Sometimes Gigi asked me for advice. It was gratifying to think that I could be a help for her too. I looked forward to seeing her each morning, to the rapport we had teaching, to our afterschool chats. She wasn’t an interloper. We were a team.

At the beginning of October, in creative writing class, I shared with the students an essay I’d crafted as a model for an upcoming assignment. They were to write about an object or experience that was meaningful to them. As they followed along onscreen, I read aloud my story of being 14 and desperately wanting my mother to buy me a pair of trendy hip-huggers. She’d resisted because she thought they were too risqué.

I read the final paragraph: “I wish I could ask my mom now about how she managed to stay true to her instincts even though she realized I’d be upset. Her small act took courage….” I choked up and couldn’t go on.

Gigi deftly took the baton from me. “Students,” she said in her gentle voice, “Mrs. Uebersax has given you a great gift. She has opened up and shared a true story beautifully written from her heart.”

I stared at her face on the screen, marveling at her understanding and compassion.

“Now she’s giving you the opportunity to look inside yourselves and write your own story that has meaning and truth,” Gigi continued. “I know some of you have had hard times during this Covid year. But won’t you try to connect with yourselves and with us by expressing yourself through your writing?”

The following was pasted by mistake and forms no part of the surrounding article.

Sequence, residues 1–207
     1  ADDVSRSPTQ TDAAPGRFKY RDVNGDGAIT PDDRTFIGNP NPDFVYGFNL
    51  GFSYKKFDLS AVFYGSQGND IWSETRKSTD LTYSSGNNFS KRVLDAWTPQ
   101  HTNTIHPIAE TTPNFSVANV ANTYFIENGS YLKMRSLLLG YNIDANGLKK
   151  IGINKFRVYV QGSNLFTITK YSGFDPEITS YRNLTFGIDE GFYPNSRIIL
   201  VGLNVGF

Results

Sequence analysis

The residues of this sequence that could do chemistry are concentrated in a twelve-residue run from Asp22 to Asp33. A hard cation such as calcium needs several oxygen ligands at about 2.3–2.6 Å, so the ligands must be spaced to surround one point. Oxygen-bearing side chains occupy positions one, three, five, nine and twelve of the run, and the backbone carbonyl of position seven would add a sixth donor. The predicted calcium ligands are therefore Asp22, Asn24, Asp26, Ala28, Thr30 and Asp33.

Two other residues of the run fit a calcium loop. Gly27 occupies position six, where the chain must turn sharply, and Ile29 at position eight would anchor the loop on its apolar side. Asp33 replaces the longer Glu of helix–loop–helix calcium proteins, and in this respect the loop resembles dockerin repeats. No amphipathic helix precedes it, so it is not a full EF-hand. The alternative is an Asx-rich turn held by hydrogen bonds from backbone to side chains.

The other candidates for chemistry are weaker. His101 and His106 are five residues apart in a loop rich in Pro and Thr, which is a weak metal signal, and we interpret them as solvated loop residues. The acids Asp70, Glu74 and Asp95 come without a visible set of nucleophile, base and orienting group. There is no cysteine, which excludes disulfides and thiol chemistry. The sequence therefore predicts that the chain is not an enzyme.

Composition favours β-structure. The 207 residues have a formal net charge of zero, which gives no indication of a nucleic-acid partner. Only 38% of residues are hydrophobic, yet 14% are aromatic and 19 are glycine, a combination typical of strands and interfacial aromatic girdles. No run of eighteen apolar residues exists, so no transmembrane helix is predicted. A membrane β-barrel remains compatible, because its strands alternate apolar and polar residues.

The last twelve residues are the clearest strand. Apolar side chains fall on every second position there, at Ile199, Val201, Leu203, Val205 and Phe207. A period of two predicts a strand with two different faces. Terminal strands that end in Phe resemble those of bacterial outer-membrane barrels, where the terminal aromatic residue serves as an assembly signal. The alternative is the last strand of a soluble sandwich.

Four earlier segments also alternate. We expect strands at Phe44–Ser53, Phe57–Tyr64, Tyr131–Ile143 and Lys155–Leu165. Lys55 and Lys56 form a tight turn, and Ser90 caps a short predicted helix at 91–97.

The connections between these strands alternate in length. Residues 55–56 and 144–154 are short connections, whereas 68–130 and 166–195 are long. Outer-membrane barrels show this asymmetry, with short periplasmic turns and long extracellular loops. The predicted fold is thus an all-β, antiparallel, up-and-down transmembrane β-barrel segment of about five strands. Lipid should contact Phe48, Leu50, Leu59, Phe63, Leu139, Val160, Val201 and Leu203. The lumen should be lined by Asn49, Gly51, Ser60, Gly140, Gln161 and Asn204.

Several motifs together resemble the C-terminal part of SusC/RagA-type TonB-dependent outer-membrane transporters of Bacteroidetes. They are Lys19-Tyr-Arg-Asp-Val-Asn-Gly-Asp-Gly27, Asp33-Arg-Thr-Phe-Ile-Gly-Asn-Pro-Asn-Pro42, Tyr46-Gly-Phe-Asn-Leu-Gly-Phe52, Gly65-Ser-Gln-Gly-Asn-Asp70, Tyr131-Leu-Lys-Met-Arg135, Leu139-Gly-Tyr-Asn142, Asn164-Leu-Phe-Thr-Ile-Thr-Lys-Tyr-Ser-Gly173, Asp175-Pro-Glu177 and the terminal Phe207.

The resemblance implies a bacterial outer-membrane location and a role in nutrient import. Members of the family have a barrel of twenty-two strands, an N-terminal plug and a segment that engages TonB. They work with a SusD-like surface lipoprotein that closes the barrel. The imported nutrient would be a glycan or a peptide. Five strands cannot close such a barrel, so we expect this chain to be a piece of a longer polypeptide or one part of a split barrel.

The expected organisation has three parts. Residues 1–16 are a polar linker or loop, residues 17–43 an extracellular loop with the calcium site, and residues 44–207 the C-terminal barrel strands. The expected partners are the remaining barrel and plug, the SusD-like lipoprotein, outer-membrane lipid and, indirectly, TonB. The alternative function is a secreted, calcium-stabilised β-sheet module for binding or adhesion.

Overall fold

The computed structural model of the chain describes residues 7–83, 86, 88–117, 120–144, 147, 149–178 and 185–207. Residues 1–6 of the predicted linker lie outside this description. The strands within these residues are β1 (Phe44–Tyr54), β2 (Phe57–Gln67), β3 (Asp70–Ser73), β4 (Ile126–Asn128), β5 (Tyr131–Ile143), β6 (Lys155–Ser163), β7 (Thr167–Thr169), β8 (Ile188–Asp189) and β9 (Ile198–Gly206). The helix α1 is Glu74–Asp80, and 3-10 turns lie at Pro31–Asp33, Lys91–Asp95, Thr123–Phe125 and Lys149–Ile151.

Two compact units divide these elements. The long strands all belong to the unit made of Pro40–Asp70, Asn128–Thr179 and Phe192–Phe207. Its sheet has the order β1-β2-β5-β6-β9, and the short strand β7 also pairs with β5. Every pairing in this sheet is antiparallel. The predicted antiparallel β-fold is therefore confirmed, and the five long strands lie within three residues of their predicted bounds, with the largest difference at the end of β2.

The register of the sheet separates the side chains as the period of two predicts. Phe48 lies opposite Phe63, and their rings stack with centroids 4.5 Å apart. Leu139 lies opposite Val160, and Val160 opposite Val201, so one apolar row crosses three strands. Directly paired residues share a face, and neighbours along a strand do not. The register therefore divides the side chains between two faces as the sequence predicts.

For a moment, no one said a word. It felt like a sacred silence.

In mid-October, Gigi and I finally arranged to meet at a park. I was blind-date nervous. Would our carefully forged online bond feel the same in person?

After a quick, awkward hug, we sat in lawn chairs eight feet apart, Gigi’s long hair whipping in the wind. Her face glowed as she savored a chocolate croissant I’d brought her. “I just want to be quiet for a moment and take it in,” she said.

Then she played a samba song on her phone, and we danced a bit, swaying to the rhythm. I felt delightfully young, the pressures and worries of the past year lifted.

“I’m so glad we were teamed up together,” Gigi said. “You feel like my soul sister.”

As usual, she’d said it better than I could have. But I didn’t mind. It wasn’t a competition. No matter how the school year unfolded, I knew I would be grateful to share every day with my trusted colleague Gigi, the wonderful new friend God knew I needed even before I did.